A fund to help people overcome hardships caused by the pandemic has been tremendously successful, and is close to the $1 million mark, across several efforts.
The Rapid Relief and Recovery fund began in March, as a collaboration between the Jewish Federation and Jewish Community Foundation, and recently granted $600,000 to address pandemic-related community needs.
The grants have gone to people, agencies, and synagogues of Greater Hartford’s Jewish community experiencing financial hardship due to the pandemic.
The fund provided $285,000 to 11 local Jewish agencies for emergency operating support, PPE, and need-based day school scholarships related to COVID-19; $227,000 to 17 local synagogues for unanticipated COVID-19 related High Holy Day expenses, operating support, and PPE; and $88,280 for local humanitarian assistance in the form of emergency food assistance, individual and family financial assistance, and PPE.
The federation and foundation provided $150,000 in seed funding and nearly 500 community members have contributed close to $1 million to the RRR Fund, including $300,000 in grants recommended by fund holders at the Jewish Community Foundation.
Jacob Schreiber, the foundation’s president and CEO, said the funds are being used for food, direct financial assistance for rent, and other needs.
“Thanks to the generous support of so many, this fund is providing humanitarian relief and bolstering the financial capacity of Jewish agencies and synagogues so they can continue providing important programs and services to our community throughout this crisis,” Schreiber said.
Of the remaining resources, the RRR Fund’s Grants Committee has earmarked $40,000 for unanticipated community needs and $137,000 for future humanitarian needs. Also, $175,000 was designated by major donors to establish the Jewish Free Loan Fund of Greater Hartford, a newer initiative that provides zero-interest loans to businesses.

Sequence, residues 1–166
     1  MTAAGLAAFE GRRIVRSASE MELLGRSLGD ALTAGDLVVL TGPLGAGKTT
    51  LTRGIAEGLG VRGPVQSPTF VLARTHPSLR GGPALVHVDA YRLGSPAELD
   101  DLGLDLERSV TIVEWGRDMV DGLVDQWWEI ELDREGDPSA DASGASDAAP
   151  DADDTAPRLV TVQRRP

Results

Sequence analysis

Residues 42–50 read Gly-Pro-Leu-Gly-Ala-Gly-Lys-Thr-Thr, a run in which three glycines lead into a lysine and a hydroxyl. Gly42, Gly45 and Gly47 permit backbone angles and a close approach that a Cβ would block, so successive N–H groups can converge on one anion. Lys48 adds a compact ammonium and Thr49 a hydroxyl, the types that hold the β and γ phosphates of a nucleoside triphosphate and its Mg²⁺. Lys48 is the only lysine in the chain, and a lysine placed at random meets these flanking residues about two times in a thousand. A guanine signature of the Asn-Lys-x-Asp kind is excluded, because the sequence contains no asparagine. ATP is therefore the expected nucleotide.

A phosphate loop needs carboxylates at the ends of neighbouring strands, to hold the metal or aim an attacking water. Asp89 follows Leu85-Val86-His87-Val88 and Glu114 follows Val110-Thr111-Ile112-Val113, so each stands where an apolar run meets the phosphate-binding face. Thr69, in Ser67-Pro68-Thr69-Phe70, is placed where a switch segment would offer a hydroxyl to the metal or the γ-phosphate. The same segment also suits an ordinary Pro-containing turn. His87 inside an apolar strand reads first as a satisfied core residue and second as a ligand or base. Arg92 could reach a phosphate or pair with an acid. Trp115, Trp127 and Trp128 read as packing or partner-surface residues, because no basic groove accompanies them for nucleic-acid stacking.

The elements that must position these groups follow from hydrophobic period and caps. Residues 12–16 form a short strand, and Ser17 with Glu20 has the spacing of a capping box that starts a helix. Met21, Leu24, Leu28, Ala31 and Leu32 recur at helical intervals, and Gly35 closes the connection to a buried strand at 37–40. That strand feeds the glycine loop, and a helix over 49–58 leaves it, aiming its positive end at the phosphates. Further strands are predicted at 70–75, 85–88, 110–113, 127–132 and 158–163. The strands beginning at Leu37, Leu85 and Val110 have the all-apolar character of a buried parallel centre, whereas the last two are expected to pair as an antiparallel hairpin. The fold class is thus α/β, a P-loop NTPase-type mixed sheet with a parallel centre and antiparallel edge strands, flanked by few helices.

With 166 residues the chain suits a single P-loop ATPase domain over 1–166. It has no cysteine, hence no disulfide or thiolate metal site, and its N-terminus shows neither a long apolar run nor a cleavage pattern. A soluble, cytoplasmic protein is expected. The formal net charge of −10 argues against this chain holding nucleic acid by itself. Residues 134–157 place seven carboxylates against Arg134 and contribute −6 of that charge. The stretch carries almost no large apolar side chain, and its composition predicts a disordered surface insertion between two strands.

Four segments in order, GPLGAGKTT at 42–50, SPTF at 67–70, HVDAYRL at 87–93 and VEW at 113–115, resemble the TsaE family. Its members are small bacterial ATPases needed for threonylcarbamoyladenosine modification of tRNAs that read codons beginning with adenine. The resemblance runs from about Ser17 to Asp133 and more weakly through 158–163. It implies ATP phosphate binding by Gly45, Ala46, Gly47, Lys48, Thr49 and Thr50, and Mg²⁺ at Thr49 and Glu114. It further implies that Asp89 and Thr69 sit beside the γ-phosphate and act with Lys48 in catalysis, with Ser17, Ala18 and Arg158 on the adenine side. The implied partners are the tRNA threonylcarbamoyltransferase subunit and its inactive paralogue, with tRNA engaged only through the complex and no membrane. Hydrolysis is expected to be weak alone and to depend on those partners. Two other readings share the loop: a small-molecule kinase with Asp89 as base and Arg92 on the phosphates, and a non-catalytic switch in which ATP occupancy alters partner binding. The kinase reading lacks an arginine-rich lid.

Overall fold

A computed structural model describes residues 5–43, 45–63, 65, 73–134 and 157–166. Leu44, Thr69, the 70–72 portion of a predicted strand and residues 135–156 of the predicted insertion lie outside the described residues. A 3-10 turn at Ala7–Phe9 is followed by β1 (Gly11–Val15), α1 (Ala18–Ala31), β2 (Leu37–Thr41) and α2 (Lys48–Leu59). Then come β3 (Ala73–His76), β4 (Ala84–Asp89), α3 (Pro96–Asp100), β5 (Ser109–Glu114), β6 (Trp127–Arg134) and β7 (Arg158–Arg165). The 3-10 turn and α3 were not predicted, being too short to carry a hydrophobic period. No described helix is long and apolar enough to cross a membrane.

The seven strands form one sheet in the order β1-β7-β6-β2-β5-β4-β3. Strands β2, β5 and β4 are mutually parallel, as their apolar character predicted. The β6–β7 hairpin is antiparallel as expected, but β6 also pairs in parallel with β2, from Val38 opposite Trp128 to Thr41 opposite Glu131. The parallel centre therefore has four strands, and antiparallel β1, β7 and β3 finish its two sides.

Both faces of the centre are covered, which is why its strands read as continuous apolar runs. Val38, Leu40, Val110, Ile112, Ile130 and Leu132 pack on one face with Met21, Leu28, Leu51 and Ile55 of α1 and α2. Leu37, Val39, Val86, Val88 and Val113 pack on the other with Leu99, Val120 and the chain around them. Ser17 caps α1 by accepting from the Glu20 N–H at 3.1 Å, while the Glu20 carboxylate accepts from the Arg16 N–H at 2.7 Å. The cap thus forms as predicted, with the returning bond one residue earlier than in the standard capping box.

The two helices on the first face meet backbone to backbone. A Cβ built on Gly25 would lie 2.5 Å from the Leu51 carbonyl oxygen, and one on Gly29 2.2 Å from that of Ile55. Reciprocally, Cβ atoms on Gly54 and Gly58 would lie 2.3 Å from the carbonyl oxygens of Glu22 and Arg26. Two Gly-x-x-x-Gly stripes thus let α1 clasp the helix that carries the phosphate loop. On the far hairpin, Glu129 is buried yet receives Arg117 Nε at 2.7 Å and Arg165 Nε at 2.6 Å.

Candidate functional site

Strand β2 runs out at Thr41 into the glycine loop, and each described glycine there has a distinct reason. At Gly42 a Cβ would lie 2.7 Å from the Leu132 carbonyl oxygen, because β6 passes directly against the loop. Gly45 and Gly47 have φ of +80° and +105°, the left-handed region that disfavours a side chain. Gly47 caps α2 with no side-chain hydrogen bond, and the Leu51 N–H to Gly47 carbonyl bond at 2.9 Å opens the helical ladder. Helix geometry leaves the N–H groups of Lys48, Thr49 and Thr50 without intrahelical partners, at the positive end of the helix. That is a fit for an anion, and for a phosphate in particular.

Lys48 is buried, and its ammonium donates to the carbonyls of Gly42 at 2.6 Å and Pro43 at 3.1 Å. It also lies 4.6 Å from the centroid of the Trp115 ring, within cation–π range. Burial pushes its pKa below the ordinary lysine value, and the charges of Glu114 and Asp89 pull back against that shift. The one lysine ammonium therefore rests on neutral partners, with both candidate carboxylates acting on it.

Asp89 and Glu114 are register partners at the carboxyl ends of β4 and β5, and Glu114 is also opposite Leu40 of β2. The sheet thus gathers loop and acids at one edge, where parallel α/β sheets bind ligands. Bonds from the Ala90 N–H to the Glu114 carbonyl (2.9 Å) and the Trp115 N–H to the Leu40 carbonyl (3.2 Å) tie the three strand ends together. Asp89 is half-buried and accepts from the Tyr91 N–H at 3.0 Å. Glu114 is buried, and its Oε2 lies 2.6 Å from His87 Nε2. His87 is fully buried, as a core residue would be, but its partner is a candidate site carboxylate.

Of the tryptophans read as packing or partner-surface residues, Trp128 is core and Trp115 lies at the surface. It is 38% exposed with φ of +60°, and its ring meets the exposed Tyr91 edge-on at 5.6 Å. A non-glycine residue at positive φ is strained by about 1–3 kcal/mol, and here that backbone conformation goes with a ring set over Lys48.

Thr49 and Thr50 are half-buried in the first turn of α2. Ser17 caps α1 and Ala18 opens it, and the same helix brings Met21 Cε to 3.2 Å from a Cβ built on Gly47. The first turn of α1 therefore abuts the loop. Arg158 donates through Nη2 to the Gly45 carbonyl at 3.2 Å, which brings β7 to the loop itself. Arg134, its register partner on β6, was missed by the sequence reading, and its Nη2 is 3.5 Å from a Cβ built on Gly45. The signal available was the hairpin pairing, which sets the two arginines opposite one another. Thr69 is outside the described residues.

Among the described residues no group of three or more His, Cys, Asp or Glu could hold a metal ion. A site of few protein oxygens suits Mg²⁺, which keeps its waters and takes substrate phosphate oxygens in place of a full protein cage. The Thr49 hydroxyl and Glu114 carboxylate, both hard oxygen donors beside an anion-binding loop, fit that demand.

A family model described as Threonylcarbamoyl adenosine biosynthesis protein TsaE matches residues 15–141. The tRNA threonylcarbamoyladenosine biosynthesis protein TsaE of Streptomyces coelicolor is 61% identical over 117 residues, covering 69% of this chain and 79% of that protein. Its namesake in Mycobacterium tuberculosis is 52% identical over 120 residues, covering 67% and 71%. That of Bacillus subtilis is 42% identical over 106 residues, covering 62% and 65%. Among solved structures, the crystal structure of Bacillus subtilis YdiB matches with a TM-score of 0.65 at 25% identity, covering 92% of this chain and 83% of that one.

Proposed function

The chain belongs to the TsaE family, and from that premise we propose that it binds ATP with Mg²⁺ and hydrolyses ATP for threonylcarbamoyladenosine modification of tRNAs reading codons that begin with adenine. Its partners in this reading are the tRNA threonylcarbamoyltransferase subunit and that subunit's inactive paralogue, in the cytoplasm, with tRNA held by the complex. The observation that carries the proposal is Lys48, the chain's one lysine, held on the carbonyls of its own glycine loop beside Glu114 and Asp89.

“It provides interest-free loans on terms that are reachable for the people who borrow,” Schreiber said.
“For individuals and families, the limit is $5,000. You can also borrow to help sustain their own small businesses, and that is up to $7,500. It’s a pretty remarkable access to credit at no cost,” said David Waren, the federation’s president and CEO.
“Everybody was hurting,” Schreiber said, commenting on the fund’s vast reach. “Everybody could use some aid. We did it in a fashion that we found was equitable, that took into account the size of the agency or synagogue, the amount of participants or members that they had, and also the amount of difficulty that they found themselves in.”
The donations to the fund, Waren said, came from a variety of places - from companies and business people, as well as families and individuals - and while there has been, and is, great need, there has also been a lot of generosity.
“In this difficult period, people are finding meaning in their lives, and giving meaning to their lives, by helping others,” Waren said. “We have seen an outpouring of generosity from across this community. The needs are clear and philanthropists, of a variety of levels, from those of modest means to those who have more capacity, have been incredibly generous.”
The beneficiaries of the relief fund are not limited to the Jewish community.
“The philanthropic efforts around this fund... have gone to the benefit of the broader community as well, because many of the agencies we support serve the broader community,” Waren said, citing that the Jewish Community center, for example, has a membership that is only approximately half Jewish.
As for the future of the fund, there will be a switching of gears for the federation as well as the foundation. Ongoing grant programs will still be in place, and the organizations are “standing by” to see what the needs become as the pandemic and economy take new shapes.
“We are standing by,” Waren said. “We are very flexible and recognize that we may need to go to a stage 2, we just don’t know yet. Everything is leading us to pause in terms of special fundraising, but we are absolutely ready, and many of the philanthropists are, if we need to. We’re also looking at the longer-term needs in the community.”
For a comprehensive look at the RRR Fund, visit bit.ly/RRRFundImpactReport.